How to be a good client

As part of IPA president Ian Priest's ADAPT agenda, the IPA interviewed marketers and agencies to find out what each wants from the other. Here is your go-to checklist.

"Clients get the advertising they deserve" - David Ogilvy. He might equally have added that clients get the design, PR and media they deserve - because great work starts with a great relationship, and if you want good work from your agency partners, you must first be a good client.

How to be a good client

Set mutually agreed, realistic and quantifiable objectives.

Instigate a regular 360° review of progress against these objectives.

Push for directness, trust and chemistry between the agency and client teams.

Make sure there are equally talented people on both sides that are motivated by the same shared incentives and principles.

Demand ongoing, transparent feedback in both directions.

Always respond to work with the positives first. Get cycles of positivity going, then turn the conversation to more critical feedback. Ideas are babies first – they need to be nurtured before we begin telling them off for not being able to walk.

Do as you would be done by. Treat your agency as you would want to be treated by them. Respect their expertise and empathise with their pressures. Care about their issues and celebrate their achievements. Forgive them their foibles and try to see things from their point of view.

Give agencies the opportunity to get under the skin of your business. Allow them to immerse themselves in every aspect of your operation. Open doors to them. Enable them to understand your culture and openly share information and intelligence with them.

Create an atmosphere of excellence. Demand excellence. Inspire excellence. Recognise excellence and reward it.

…and while we’re at it, how to be a good agency

Adopt a mindset of active selection, not passive inheritance. Client churn is so frequent that no relationship can be taken for granted as an agency inheritance. The agency has to be actively selected by every new client at every level.

Great work is the outcome of a great relationship. One depends on the other. There is no point in having a good partnership if there is nothing to show for it. Work that works seals partnerships and provides great momentum to a relationship.

Total honesty at all times. All good relationships are built on trust.

Show you genuinely care about how your client’s business is performing.

Fair remuneration. If what is being paid does not match what is being delivered, something is going to break sooner or later.

The ability to disagree without falling out.

Never get complacent. Think of all the other agencies who would love your client. Keep this image in your head. It will stop you becoming complacent.

Call or email your client every few weeks to see how their business is doing.

Have a "yes" attitude. Sort out problems immediately. If you say "yes" nine times out of 10, when you say "no", your client will believe that whatever it is really cannot be done.

Do good work. This sounds obvious, but that is what a decent client is after – not wining, dining and sycophancy.


The IPA will bring marketers and agencies together to discuss good relationships at an "Adaptathon" in October. Visit ipa.co.uk/adapt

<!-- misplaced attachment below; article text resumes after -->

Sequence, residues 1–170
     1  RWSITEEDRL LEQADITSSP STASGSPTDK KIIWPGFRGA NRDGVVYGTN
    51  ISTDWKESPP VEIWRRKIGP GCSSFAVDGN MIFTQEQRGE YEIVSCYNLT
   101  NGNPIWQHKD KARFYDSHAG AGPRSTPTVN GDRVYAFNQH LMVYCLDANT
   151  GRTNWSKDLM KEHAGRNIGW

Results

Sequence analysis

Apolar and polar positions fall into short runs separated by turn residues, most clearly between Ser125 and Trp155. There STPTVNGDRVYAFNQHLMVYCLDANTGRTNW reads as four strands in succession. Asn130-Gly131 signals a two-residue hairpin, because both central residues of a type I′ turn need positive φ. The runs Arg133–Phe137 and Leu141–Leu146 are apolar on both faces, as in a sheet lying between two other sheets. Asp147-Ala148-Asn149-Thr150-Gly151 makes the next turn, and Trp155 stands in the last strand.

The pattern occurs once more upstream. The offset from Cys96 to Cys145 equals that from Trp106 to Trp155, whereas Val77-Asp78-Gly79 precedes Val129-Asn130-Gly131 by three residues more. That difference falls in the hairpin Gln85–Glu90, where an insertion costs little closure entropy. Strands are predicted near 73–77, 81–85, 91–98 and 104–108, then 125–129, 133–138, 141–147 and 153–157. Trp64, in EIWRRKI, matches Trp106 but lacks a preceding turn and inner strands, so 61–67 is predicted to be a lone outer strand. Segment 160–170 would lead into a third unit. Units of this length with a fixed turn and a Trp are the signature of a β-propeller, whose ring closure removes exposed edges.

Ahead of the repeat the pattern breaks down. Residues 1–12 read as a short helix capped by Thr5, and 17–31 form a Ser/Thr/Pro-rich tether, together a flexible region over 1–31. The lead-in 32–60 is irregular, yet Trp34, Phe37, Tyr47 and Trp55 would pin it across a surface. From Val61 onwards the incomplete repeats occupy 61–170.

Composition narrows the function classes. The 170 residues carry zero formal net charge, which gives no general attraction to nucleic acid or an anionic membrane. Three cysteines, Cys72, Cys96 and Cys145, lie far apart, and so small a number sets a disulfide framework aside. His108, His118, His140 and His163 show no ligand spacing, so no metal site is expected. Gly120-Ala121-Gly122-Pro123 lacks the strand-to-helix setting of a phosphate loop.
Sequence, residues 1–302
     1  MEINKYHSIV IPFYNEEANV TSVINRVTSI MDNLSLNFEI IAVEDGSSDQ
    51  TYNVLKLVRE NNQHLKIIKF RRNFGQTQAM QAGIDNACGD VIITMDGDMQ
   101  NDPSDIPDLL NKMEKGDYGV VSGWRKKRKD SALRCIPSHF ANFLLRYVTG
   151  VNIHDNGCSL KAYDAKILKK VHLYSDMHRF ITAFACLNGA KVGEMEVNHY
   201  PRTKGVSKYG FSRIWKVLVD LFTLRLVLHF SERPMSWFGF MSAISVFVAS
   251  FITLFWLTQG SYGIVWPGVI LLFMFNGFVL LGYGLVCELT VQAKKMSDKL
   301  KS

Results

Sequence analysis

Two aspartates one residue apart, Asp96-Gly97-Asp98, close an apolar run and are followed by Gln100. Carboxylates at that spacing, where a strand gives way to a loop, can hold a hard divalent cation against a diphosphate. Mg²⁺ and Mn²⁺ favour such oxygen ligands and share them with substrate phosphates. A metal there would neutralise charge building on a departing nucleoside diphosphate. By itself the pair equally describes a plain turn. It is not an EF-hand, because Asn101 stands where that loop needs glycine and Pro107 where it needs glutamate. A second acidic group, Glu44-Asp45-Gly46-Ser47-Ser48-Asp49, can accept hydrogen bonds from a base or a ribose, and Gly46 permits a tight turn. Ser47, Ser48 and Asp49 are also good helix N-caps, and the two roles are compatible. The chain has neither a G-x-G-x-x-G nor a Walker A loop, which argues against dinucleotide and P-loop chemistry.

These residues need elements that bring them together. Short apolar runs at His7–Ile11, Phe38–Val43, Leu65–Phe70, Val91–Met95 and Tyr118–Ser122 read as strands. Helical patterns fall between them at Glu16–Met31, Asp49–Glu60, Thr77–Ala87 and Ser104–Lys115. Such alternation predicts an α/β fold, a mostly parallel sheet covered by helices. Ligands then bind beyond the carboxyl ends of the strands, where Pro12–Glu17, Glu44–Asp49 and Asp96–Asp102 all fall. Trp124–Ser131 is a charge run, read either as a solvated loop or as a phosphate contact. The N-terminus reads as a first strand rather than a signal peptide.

How to make relationships work

By Libby Child, UK CEO of relationship management company Aprais

Did you know there’s a staggering 99.9% correlation between a good client perform­ance and a good agency performance?

By examining the data on more than 10,000 evaluations, we can demonstrate that for every 1% client performance increase there is a corresponding 0.68% agency uplift.

In addition, our top 10% of clients receive 37% higher creative performance from their agencies than the bottom 10%.

So what does great client performance look like? We interrogated all the evaluations we’ve conducted, and four key drivers of client excellence were identified: briefing, approval, timing and behaviour.

These may sound basic, but getting them right consistently can make an average client become a client of choice.

  • Briefing Are the briefs clear, written and agreed with all stakeholders, and do they contain an objective and all relevant information (budget, timings and brand guidelines)? A surprising number of clients fail this test. Reworks and a demotivated agency are the likely consequence.
  • Approval Does yes mean yes? Are the internal client stages known and adhered to, or does the work get lost in a continuous loop of minor tweaks and amendments?
  • Timings Are they agreed up-front and maintained during the project, or does three weeks become "can we see where you’ve got to" after just one?
  • Behaviour Is the agency treated with respect as a professional business partner? Can it challenge and push back without fear of reprisal?

Case studies show how client performance can be dramatically improved through a process of six-monthly evaluations, action-planning and agency feedback.

For example, one client was consistently given a poor evaluation on briefing – receiving an average of 62.1%. But 18 months, much training and three reviews later, this had risen to 76.1% – an improvement of 22.5%. Comments from agencies also reflected this significant turnaround.

The Aprais study also shows that six-monthly relationship reviews result in greater improvements than annual ones, demonstrating that the most productive partnerships benefit from a level of commitment, openness and partnering.

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